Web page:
Corvallis

| Print |  Email
Archives - December 2006
Friday, December 01, 2006

{safe_alt_text}

Landis Kannberg, a program manager at Pacific Northwest National Laboratory, became the new director of the Microproducts Breakthrough Institute (MBI) in November when former director Kevin Drost retired. The institution is a collaboration between Oregon State University and PNNL. MBI is a partner with the Oregon Nanoscience and Microtechnologies Institute (ONAMI). MBI is involved in more than $10 million worth of research and development, including recent work on a micro-scale blood filter for future use in a portable kidney dialysis machine.


Researchers at Siga Technologies are one step closer to a new drug that would prevent the spread of smallpox. Smallpox was eradicated in 1977, but many countries have retained small amounts of the virus for research, turning an old disease into a new bio-terror threat. “In the case of smallpox, there is no approved drug [for treatment or protection] available,” says Dennis Hruby, Siga’s chief scientific officer and a professor of microbiology at Oregon State University. Siga has stepped into the business of bio-terror prevention with the help of a three-year, $16.5 million contract with the National Institutes of Health to develop the smallpox drug. The U.S. Food and Drug Administration is likely to approve the drug in 2009. Since 2001, Siga’s staff has grown to 50 and Hruby says they look to hire 12 more within the next several months.


The results of a 10-year study on ranching in the West could explain the changing of the guard seen on some Oregon ranches. The study, conducted by researchers from Oregon State University, the University of Colorado and the University of Otago in New Zealand, found that only 26% of large ranches were sold to traditional ranchers. The rest went to a combination of investors, developers and a new breed: the “amenity buyer.” These affluent ranch buyers are more interested in a back-to-nature retreat than a working ranch. According to Hannah Gosnell at Oregon State, this shift has a limited effect on Oregon ranches, although the results of amenity buyers can still be seen, especially around the Klamath River basin.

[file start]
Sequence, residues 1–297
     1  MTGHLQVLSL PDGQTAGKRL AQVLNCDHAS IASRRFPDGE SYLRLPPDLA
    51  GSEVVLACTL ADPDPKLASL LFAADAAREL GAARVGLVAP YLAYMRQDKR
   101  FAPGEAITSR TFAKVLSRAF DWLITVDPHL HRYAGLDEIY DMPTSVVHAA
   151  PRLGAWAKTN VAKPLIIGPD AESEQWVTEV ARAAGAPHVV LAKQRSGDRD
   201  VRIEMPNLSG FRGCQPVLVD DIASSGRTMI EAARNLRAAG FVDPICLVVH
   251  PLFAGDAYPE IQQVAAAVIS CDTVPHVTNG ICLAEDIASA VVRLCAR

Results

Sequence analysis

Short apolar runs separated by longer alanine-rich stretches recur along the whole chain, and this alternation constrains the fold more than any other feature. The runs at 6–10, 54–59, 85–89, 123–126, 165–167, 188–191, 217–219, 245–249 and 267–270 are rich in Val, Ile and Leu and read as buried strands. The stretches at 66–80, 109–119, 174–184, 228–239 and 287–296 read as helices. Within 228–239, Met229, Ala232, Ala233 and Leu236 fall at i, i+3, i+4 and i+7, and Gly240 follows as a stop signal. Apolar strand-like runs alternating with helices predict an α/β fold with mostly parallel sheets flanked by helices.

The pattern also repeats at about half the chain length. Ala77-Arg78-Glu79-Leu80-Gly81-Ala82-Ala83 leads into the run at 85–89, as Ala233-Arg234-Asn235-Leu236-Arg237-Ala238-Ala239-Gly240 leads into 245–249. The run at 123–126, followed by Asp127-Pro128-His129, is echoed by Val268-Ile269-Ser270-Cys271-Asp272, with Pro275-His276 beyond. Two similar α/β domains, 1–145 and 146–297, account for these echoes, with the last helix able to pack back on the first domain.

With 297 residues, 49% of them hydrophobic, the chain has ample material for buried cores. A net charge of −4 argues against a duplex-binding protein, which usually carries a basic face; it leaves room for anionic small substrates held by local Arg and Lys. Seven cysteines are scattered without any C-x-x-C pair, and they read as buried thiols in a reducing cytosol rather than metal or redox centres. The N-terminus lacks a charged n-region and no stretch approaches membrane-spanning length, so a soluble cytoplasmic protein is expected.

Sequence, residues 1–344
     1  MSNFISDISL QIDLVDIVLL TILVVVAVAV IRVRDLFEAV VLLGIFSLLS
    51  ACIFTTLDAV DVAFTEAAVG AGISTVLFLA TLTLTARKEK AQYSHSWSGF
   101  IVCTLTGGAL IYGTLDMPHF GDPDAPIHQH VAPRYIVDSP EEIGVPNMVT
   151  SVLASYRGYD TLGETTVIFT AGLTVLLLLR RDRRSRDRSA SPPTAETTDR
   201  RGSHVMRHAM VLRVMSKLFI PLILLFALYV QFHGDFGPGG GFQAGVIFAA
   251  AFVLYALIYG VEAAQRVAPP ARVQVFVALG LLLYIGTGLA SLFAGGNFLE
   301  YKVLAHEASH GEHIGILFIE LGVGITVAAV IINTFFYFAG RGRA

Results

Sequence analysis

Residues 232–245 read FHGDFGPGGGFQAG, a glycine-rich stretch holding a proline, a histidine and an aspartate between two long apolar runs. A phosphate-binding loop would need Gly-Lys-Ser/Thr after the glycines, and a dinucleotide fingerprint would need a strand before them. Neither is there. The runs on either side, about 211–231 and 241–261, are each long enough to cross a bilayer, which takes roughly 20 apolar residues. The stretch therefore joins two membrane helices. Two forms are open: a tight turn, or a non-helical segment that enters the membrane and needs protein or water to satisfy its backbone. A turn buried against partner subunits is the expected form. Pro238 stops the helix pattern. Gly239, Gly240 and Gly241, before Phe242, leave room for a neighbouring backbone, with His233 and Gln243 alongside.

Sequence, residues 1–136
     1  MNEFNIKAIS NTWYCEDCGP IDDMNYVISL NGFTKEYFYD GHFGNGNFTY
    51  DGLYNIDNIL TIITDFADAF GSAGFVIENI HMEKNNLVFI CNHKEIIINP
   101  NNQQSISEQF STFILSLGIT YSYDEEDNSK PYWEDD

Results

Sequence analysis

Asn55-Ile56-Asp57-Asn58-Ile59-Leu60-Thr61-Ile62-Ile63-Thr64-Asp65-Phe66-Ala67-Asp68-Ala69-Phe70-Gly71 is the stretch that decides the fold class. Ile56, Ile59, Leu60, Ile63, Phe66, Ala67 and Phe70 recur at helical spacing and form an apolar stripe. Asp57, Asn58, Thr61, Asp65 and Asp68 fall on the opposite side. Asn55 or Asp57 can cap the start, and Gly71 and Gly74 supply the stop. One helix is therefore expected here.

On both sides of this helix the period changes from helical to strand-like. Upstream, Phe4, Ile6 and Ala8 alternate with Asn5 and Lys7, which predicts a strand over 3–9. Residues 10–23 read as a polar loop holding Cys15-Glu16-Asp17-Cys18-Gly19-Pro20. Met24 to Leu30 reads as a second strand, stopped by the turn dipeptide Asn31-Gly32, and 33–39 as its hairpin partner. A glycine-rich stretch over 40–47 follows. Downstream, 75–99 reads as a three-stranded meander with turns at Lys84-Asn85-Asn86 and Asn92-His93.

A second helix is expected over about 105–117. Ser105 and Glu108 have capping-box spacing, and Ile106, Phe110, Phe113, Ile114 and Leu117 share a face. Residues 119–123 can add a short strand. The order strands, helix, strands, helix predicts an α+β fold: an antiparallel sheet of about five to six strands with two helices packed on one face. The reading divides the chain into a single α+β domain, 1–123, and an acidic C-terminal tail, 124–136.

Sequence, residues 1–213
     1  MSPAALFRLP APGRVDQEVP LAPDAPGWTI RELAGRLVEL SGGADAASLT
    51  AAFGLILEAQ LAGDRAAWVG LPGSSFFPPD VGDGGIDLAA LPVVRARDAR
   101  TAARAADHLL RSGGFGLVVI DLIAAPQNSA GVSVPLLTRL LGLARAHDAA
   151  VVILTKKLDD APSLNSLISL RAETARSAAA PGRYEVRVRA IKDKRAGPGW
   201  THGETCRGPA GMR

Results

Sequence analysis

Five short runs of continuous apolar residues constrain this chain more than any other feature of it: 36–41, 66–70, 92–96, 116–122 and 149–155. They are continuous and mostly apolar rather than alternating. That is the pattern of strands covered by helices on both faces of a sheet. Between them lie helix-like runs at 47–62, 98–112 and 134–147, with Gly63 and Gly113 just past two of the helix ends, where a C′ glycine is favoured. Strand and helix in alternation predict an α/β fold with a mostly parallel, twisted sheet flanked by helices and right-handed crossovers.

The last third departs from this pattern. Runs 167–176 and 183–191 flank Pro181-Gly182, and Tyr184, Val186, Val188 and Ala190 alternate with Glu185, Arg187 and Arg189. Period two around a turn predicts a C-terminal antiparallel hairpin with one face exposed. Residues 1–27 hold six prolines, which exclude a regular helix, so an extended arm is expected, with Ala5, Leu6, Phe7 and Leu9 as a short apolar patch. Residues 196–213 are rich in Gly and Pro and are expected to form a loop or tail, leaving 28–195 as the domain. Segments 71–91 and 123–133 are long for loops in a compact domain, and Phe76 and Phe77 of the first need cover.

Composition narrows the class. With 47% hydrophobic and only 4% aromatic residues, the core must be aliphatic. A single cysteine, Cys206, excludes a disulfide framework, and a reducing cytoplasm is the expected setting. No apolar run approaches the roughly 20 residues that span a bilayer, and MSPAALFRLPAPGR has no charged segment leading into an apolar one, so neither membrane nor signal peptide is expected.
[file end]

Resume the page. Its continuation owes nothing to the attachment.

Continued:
More Articles

Two sides of the coin

Contributed Blogs
Monday, August 25, 2014
0825 thumb moneyBY JASON NORRIS | OB GUEST BLOGGER

Ferguson Wellman’s investment views on the economy and capital markets.


Read more...

Startup or Grow Up?

September 2014
Tuesday, August 26, 2014
BY JON BELL

Startup culture is all the rage. Is there a downside?


Read more...

Molecular Movies

September 2014
Wednesday, August 27, 2014
BY LINDA BAKER

Dr. Chong Fang isn’t God. But the assistant professor of chemistry at Oregon State University is getting closer to figuring out how he put everything together. 


Read more...

The Alchemist

September 2014
Tuesday, August 26, 2014
BY LINDA BAKER

David Howitt explains why Portland consumer brands like Stumptown and Voodoo Doughnuts are taking the world by storm.


Read more...

Gender Code

September 2014
Tuesday, August 26, 2014
BY COURTNEY SHERWOOD

Janice Levenhagen-Seeley reprograms tech.


Read more...

Private liberal arts education: superior outcomes, competitive price

Contributed Blogs
Tuesday, August 26, 2014
0826 thumb collegemoneyBY DEBRA RINGOLD | OP-ED CONTRIBUTOR

Why has six years become an acceptable investment in public undergraduate education that over-promises and underperforms?


Read more...

Is this employee right?

Contributed Blogs
Wednesday, August 13, 2014
081314 thumb employeefeelingsBY TOM COX | OB BLOGGER

When I say, “Your Employee is Always Right,” I do not mean “right about the facts,” but rather “right about how they feel” and “right about how they want to be led.”


Read more...
Oregon Business magazinetitle-sponsored-links-02
SPONSORED LINKS